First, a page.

8. When the beauty makes you say, Oh Deer

It truly feels like Narnia!

If you love animals and if you love flowers, this is where both loves meet. One of the oldest public gardens in the country, Nara Park is home to around 1200 wild sika deer who roam freely.

Imagine the vast expanse of land filled with the petals from the cherry blossoms and majestic deer roaming in it. Now isn’t that picture-perfect? You can enter the park without a fee, and then if you are lucky enough, you will find a herd of deer amongst the sakura petals. You can also carry biscuits or buy cookies inside the park to feed the deer, and maybe they will be ready to pose with you too!

9. A snow-capped mountain, anyone?

A mountain is always a beautiful sight to behold. What makes Mount Fuji even more impressive during spring is the picture of blossoming Sakura in the foreground and the mighty Fuji standing tall behind it.

There is another beautiful word in Japanese called ‘Yugen.’ It’s a noun that means a profound awareness of the universe that triggers a deep emotional response. 

There are free and paid viewpoints here. Try walking along the Ohashi Bridge, where you can see Mount Fuji behind Lake Kawaguchiko with cherry blossoms sprinkled all around. My other recommendation will be the Chureito pagoda, a short train ride from the Kawaguchiko train station. The ground is dotted with pink cherry blossoms while the pagoda and the mountain stand. The other way to see the trees is by cable car, but this is a paid service. Though truth be told, I would prefer the former two.

10. Walk the philosopher’s path in Kyoto

When cherry trees blossoms, the whole of Japan hits the party button, and Kyoto is no different. The whole city is awash in pink and hues, and in the backdrop stands the historical palaces and shrines of the town. There are two spots in Kyoto; you absolutely cannot miss:

Maruyama Koen park

During the cherry blossom bloom, Maruyama Koen becomes the most popular park in Kyoto. It is also the most crowded spot during this time as it is an excellent place for hanami picnics and parties. The centerpiece here is a tall shidare zakura (weeping cherry tree), lit up at night.

The Philosopher’s path

A 2 km cobbled-stoned road is adorned with Sakura on both sides, making a beautiful canopy here. It is Kyoto’s prettiest cherry blossom walk. The drooping cherry blossoms arching over a canal make it a majestic sight as the colours are reflected in the water, making the canal pink. I wondered why it bore such a name and got to know that a Kyoto University philosophy professor Nishida Kitaro used to walk along the road and contemplate, hence the name.

11. Everything you can imagine at the Hirosaki castle

The next two spots for Hanami are a little off the beaten path but are beautiful nonetheless. First, let’s look at Hirosaki castle, an ancient palace located on Honshu’s mainland’s northern tip. The castle’s white exterior juxtaposed with the pink branches of Sakura makes this trip worthwhile. The sakura petal wafts through the air and fills up the moats around the castle. Be sure to rent a boat to enjoy the petal-filled pink water. Keep in mind that you cannot bring alcohol here.

12. Fluorescent hue in Okinawa Prefecture

A panaroma view…

This is the southernmost prefecture known for its sub-tropical weather, amazing beaches, and coral reefs. But that is not all. It is also the first place where a cherry blossom blooms where Hanami begins in late January. Unlike the pastel pink petals of cherry blossoms elsewhere, the Sakura here has a fluorescent glow. Plugin your music and set off on a hike along Mount Yaedake, and the cherry blossoms along the way will remain in your memory for the rest of your life!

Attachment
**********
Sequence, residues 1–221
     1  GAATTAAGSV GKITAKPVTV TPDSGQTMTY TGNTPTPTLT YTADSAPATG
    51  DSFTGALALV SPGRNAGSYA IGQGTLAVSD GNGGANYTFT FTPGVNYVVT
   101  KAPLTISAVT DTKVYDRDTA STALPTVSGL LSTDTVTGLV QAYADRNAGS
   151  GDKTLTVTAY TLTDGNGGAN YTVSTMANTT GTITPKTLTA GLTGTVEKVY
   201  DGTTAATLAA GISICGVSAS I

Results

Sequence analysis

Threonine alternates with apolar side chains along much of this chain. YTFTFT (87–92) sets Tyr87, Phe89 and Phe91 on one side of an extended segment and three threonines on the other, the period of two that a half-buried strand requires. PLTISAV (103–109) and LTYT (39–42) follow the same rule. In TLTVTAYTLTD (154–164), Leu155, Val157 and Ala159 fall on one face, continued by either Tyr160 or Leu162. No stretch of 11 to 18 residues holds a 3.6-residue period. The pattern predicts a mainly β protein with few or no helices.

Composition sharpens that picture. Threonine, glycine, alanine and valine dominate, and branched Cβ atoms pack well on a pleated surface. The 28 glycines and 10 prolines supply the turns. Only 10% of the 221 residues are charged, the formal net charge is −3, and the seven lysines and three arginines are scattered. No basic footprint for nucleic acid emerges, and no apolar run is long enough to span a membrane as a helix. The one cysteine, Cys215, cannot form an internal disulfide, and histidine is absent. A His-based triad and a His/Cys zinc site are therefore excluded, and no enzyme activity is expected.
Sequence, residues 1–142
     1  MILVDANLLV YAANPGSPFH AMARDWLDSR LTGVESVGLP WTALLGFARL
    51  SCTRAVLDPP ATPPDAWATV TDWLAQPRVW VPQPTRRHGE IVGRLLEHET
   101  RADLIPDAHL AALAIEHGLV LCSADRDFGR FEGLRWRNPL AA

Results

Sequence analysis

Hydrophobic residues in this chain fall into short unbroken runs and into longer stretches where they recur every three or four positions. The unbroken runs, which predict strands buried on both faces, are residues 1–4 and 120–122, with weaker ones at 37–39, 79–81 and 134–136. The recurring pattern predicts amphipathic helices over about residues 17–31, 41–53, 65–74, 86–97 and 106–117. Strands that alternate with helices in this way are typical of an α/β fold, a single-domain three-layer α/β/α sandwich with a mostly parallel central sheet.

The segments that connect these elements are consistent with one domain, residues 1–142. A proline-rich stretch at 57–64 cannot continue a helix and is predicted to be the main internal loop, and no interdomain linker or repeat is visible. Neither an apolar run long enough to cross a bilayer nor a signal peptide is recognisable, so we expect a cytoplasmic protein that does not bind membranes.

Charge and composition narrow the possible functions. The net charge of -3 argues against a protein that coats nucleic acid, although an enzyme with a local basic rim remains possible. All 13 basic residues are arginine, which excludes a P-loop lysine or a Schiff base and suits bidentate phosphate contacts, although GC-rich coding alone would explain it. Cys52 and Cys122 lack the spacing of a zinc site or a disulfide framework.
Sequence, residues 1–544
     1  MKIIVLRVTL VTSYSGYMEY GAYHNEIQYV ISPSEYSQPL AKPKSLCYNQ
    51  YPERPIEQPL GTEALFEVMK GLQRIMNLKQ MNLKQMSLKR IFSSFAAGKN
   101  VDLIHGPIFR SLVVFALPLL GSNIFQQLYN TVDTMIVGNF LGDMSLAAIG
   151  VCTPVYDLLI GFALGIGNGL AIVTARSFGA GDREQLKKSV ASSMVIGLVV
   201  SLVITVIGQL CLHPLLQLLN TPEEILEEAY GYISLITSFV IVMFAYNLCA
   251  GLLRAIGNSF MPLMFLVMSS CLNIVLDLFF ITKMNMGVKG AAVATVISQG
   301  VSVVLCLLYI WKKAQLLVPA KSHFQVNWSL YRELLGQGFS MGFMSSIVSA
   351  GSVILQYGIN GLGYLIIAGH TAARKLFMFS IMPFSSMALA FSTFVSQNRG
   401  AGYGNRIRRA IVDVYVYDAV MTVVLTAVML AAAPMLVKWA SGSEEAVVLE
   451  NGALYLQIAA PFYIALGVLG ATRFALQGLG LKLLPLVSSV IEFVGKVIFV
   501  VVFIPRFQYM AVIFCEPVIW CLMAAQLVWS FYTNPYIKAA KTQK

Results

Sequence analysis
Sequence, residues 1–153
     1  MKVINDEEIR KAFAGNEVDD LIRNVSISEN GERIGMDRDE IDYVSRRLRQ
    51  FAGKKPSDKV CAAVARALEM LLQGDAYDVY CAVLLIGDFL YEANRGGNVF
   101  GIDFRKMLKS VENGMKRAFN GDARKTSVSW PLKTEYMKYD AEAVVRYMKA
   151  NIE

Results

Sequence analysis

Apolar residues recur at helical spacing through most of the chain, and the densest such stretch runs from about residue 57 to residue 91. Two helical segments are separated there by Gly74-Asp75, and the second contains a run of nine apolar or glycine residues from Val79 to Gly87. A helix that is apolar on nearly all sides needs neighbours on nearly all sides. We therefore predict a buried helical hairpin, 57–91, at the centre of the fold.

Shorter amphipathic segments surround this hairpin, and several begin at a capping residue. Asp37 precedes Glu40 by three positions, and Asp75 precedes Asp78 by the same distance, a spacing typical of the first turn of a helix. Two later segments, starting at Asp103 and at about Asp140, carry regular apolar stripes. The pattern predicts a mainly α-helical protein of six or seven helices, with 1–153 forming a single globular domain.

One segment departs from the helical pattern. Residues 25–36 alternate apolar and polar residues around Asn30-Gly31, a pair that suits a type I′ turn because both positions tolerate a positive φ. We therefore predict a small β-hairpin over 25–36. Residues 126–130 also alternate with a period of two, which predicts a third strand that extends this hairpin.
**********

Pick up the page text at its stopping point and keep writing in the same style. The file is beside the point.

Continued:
13. Prepare for that perfect Hanami picnic

The best way to enjoy the Sakura during spring in Japan is to sit under a cherry blossom tree and immerse yourself in that experience. Before heading out, check if the park or hanami spot allows a picnic. Like I mentioned above, some places prohibit alcohol, so keep that in mind and respect the rules. Let me tell you what all you need to pack for a picnic.

First, get a picnic sheet from any store in the country. Then some paper cups and plates for the food. Or you can buy bento boxes or get food from the innumerable vending machines. Check out what they have on offer at the vending machines because you will find some exotic delicacies in cans. Also, if you haven’t tried the fruit durian, don’t go near it. On the other hand, all you durian-lovers, don’t be offended! Pack a book, make sure your phone is charged correctly, and carry headphones if you want to listen to some music. 

When you reach the park, choose a spot with a nice view of the cherry blossoms, lather some sunscreen, and now the day is yours. Do remember to carry garbage bags and keep everything clean.

14. Enjoying the cherry blossoms gastronomically

During the sakura season, be sure to try out the sakura themed food and drinks all around the country. You can either take some to the hanami picnic or even go for a sakura food walk. Be sure to try out the Sakura mochi (flattened mochi with sweet bean paste with a pickled cherry blossom leaf around it), sakura frappe, and frappuccino from Starbucks. If you crave something savoury, go for the sakura onigiri (pink coloured rice balls decorated with edible sakura flowers).

japan's cherry blossoms

Well, let me tell you a little secret. I was quite a flower cynic. I have always wondered why people gawk over it. But even my cynic heart fell in love with cherry blossoms in Japan. Don’t even think twice before booking your ticket in spring to Japan for the ultimate ethereal experience of your life. I promise it’s worth every penny!

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Swagachi

An introverted solo female traveller on an adventure around the world.